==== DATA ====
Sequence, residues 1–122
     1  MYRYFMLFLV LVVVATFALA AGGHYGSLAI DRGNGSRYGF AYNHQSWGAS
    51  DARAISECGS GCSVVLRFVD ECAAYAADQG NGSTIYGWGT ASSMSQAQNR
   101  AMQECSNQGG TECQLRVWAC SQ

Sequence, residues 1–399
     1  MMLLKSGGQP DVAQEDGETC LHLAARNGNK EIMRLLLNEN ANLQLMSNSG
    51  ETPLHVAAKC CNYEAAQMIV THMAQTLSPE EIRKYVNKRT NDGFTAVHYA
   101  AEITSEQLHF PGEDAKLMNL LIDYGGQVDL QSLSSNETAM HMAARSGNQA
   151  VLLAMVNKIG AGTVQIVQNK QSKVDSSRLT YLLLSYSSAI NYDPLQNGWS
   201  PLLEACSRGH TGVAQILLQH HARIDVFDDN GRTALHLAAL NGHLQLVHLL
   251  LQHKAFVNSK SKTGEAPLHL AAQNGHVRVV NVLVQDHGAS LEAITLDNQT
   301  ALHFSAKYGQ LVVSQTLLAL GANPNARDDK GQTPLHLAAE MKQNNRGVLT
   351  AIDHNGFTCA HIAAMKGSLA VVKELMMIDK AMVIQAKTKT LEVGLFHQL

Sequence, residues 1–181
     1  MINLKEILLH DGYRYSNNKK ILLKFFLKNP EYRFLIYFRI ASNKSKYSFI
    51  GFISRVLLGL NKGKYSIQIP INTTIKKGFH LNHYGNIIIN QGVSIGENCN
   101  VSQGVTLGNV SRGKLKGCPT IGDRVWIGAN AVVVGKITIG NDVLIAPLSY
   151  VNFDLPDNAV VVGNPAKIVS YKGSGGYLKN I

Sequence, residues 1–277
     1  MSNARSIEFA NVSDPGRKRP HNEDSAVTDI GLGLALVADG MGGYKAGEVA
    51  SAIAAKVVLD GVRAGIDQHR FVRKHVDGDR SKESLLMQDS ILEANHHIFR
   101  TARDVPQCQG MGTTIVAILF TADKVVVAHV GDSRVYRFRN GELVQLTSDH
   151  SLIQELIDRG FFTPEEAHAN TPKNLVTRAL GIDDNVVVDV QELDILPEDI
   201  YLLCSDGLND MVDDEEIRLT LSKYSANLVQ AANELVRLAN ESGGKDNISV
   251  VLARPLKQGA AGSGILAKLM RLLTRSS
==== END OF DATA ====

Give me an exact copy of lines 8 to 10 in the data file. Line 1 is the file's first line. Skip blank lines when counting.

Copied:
   101  AEITSEQLHF PGEDAKLMNL LIDYGGQVDL QSLSSNETAM HMAARSGNQA
   151  VLLAMVNKIG AGTVQIVQNK QSKVDSSRLT YLLLSYSSAI NYDPLQNGWS
   201  PLLEACSRGH TGVAQILLQH HARIDVFDDN GRTALHLAAL NGHLQLVHLL